At FIDEM Tokyo 2020/2021, the biennial Congress of the International Art Medal Federation, two medalists were chosen to share the Mel Wacks Judaica Art Medal Award, for Judaic, Biblical or Holy Land themes – Ewa Olszewska-Borys of Poland and Romualdas Inčirauskas of Lithuania.
Each will receive an engraved silver medal, courtesy of the Jewish-American Hall of Fame, and will share the $250 prize money, presented by the Cincinnati Skirball Museum, home of the Jewish-American Hall of Fame Medal Collection. Wacks founded the Jewish-American Hall of Fame in 1969 and has served as its director since then.
Ewa Olszewska-Borys’ medal, titled E=mc2, is described in the catalog as: “Albert Einstein predicted gravity waves first observed in 2015. The reverse of the medal shows the fusion of two black holes and the gravity waves this generates.” The large (127 x 130 mm) rectangular cast bronze medal features a thoughtful Einstein in Ewa’s dramatic personal style combining incused and raised surfaces.
The other winning medal, by Romualdas Inčirauskas, portrays Chiune Sugihara. It is also rectangular, measuring 150 x 150 mm, and described in the catalog as: “Dedicated to Japanese diplomat Chiune Sugihara (1900-1986), who lived in Lithuania, in Kaunas, from 1939-1940. During World War II, he saved about 6,000 Jews from Lithuania, Poland and Germany by issuing them with Japanese transit visas. The medal is dedicated to [his] 120th birth anniversary. The symbols on the reverse convey the tragedy of the Jewish people.” The reverse depicts a large Star of David intertwined with scenes of Jewish victims behind barbed wire fences of the death camps, with inscriptions: “6000 lives” and a quote from Matthew 5:6-10, ending with “Blessed are they which are persecuted for righteousness sake: for theirs is the kingdom of heaven.”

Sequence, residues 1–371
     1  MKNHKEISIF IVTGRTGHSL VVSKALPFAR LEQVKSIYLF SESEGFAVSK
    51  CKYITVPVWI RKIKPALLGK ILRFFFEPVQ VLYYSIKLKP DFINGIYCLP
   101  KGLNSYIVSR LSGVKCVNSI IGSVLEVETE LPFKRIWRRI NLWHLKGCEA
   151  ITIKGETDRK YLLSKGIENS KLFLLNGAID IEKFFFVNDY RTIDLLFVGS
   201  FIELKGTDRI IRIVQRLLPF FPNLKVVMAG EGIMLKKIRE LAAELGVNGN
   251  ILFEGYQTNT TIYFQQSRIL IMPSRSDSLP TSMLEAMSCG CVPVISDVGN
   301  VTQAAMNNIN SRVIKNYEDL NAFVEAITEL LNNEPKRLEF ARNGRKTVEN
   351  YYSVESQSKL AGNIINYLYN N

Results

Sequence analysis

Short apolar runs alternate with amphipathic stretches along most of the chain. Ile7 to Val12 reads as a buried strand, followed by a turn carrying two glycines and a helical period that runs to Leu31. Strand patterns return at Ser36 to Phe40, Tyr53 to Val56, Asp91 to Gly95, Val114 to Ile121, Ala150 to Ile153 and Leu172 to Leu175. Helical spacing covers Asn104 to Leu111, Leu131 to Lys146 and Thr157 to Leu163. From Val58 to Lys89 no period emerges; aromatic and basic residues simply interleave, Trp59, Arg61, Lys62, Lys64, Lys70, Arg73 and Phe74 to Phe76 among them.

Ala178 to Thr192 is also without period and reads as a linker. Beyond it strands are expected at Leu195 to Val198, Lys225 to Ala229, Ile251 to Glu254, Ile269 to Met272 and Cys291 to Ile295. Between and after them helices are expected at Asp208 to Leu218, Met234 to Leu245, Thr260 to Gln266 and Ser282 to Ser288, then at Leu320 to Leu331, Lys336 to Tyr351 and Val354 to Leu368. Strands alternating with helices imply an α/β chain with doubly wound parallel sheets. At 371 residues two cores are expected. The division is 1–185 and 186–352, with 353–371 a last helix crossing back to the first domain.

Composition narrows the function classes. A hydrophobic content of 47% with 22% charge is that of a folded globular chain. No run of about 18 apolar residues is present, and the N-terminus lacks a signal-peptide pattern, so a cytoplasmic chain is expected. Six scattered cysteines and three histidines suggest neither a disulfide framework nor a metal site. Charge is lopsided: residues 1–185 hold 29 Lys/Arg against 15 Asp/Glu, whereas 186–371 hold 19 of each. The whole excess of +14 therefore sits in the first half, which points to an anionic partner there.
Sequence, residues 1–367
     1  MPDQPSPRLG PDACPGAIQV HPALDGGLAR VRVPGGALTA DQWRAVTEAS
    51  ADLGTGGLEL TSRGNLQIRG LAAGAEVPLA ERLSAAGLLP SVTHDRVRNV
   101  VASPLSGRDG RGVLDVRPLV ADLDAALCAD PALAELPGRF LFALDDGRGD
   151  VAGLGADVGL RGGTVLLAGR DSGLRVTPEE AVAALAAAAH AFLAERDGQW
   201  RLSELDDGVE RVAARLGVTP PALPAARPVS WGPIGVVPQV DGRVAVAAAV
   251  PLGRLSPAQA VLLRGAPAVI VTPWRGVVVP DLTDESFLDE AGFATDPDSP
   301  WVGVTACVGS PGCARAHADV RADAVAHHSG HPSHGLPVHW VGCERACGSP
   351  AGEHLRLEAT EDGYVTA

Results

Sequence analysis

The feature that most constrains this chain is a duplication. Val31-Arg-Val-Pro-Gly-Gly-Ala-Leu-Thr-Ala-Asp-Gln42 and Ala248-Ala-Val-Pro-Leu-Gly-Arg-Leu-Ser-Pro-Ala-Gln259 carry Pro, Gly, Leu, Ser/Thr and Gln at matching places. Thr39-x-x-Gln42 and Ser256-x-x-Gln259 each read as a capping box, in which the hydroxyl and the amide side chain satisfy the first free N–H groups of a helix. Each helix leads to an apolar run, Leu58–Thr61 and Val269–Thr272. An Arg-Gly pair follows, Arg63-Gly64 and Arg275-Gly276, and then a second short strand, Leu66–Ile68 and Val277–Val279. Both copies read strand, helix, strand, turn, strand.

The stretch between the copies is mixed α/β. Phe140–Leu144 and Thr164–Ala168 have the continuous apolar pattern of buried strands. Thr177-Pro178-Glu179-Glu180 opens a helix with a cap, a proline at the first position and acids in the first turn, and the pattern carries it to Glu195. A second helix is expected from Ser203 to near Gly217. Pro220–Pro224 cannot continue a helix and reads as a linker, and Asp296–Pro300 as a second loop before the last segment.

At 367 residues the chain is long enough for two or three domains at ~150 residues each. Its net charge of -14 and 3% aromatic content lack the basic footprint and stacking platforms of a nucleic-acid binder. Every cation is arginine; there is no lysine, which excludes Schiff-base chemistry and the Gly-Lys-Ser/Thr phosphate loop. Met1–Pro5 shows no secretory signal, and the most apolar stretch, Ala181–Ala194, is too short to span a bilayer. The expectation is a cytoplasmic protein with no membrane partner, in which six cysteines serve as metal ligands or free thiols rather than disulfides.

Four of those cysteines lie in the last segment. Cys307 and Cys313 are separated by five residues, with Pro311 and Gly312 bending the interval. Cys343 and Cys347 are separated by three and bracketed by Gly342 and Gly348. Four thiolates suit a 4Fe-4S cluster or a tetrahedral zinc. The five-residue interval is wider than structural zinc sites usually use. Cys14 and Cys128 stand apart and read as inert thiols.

For further information on the award visit the Jewish-American Hall of Fame website.
Here you can read our record article about Jewish-American Hall of Fame medals becoming the longest-running series of art medals in the US.
Click here for the virtual tour of the Jewish-American Hall of Fame.